postFinishedTodo : Todo -> Cmd TodoListMessage
postFinishedTodo todo = send interpretResponse (postRequest todo)

interpretResponse : Result Error String -> TodoListMessage
interpretResposne _ = ReceivedFinishedResponse

postRequest : Todo -> Request String
postRequest = ...

Now all we need is to create our post request using the post function:

post : String -> Body -> Decoder a -> Request a

Now we've got three more parameters to fill in. The first of these is the URL we're sending the request to. The second is our body. The third is a decoder for the response. Our decoder will be Json.Decode.string, a library function. We'll imagine we are running a local server for the URL.

postRequest : Todo -> Request String
postRequest todo = post "localhost:8081/api/finish" … Json.Decode.string

All we need to do now is encode the Todo in the post request body. This is straightforward. We'll use the Json.Encode.object function, which takes a list of tuples. Then we'll use the string encoder on the todo name.

jsonEncTodo : Todo -> Value
jsonEncTodo (Todo todo) = Json.Encode.object
  [ ("todoName", Json.Encode.string todo.todoName) ]

We'll use it together with the jsonBody function. And then we're done!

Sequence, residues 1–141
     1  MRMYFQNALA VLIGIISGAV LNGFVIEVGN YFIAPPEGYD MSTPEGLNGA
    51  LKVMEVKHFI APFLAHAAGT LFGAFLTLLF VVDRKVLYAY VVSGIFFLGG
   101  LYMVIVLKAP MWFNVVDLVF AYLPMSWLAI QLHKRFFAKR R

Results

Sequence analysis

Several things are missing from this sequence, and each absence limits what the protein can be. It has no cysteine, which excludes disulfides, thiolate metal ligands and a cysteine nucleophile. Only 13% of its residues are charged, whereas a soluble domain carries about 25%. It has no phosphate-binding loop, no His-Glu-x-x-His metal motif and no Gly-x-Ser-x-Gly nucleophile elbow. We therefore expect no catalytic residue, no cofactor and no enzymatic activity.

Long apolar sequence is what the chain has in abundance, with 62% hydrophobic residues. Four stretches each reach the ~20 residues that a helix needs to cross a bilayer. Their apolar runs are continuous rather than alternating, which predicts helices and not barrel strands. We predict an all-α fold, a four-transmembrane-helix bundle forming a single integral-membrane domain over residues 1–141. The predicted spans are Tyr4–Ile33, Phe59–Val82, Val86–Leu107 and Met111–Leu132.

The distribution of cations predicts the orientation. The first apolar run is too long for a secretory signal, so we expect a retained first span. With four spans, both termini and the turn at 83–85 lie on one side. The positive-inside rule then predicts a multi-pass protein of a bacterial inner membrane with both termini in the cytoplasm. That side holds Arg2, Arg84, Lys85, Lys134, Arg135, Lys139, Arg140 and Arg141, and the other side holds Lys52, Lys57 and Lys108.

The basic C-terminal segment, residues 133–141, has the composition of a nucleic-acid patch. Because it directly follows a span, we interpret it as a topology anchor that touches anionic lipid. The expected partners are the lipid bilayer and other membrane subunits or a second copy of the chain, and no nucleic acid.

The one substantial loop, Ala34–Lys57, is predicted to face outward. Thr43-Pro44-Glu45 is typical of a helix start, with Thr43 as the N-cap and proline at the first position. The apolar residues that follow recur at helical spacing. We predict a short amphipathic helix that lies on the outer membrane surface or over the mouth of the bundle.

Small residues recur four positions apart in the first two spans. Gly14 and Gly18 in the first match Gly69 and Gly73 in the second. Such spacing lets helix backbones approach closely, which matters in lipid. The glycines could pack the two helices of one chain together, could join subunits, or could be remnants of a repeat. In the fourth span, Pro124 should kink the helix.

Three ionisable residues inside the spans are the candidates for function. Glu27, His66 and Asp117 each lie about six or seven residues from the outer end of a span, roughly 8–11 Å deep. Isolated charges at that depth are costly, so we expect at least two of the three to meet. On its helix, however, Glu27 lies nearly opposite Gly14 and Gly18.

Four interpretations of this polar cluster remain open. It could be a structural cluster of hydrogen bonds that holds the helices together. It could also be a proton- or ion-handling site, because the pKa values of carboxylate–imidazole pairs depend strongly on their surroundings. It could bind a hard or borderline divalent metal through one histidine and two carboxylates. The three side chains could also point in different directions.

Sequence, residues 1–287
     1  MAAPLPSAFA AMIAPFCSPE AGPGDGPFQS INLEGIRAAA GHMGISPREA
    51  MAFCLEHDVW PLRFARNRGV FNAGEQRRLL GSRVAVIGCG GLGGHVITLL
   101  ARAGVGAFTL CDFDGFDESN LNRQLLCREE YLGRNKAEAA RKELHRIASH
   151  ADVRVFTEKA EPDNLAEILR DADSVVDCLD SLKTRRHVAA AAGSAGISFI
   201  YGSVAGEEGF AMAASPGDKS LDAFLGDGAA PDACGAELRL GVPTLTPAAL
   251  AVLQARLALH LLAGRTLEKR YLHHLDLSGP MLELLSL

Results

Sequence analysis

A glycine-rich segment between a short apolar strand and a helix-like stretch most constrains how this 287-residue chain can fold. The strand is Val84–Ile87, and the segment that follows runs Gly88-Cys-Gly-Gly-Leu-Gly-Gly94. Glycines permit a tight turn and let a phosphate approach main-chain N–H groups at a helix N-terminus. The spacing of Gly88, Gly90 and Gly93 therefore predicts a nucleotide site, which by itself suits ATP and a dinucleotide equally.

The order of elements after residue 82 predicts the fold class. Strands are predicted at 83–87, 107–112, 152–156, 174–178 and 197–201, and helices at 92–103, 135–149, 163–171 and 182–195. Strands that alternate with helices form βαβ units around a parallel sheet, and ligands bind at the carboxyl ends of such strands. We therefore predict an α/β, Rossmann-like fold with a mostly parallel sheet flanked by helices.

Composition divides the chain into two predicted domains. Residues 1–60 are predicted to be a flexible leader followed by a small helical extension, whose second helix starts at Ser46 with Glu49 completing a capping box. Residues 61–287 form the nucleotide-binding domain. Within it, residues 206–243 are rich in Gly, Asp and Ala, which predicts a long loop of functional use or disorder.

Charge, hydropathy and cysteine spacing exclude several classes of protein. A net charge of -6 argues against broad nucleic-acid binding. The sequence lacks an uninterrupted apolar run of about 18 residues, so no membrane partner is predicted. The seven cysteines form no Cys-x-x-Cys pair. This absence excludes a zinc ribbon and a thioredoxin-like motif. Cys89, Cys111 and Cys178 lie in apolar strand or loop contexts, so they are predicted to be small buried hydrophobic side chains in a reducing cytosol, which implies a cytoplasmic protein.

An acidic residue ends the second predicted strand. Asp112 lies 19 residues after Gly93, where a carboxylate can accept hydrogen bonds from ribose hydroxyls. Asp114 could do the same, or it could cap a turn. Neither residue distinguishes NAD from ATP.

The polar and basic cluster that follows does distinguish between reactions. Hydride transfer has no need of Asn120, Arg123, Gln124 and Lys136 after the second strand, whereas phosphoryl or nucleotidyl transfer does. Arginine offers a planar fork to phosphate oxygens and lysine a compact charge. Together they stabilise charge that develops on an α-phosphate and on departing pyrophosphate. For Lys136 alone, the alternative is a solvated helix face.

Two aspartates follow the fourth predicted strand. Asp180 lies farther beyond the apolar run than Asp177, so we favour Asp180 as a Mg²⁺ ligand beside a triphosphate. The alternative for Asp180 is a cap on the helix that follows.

postRequest : Todo -> Request String
postRequest todo = post
  (jsonBody (jsonEncTodo todo))

As a reminder, most of the types and helper functions from this last part come from the HTTP Library for Elm. We could then further process the response in our interpretResponse function. If we get an error, we could send a different message. Either way, we can ultimately do more updates in our update function.


This concludes part 3 of our series on Elm! We took a look at a few nifty ways to add extra effects to our Elm projects. We saw how to introduce randomness into our Elm project, and then how to send HTTP requests. In part 4, we'll wrap up our series by looking at navigation, a vital part of any web application. We'll see how the Elm architecture supports a multi-page application. Then we'll see how to move between the different pages efficiently, without needing to reload every bit of our Elm code each time.

Now that you know how to write a functional frontend, you should learn more about the backend! Read our Haskell Web Series for some tutorials on how to do this. You can also download our Production Checklist for some more ideas!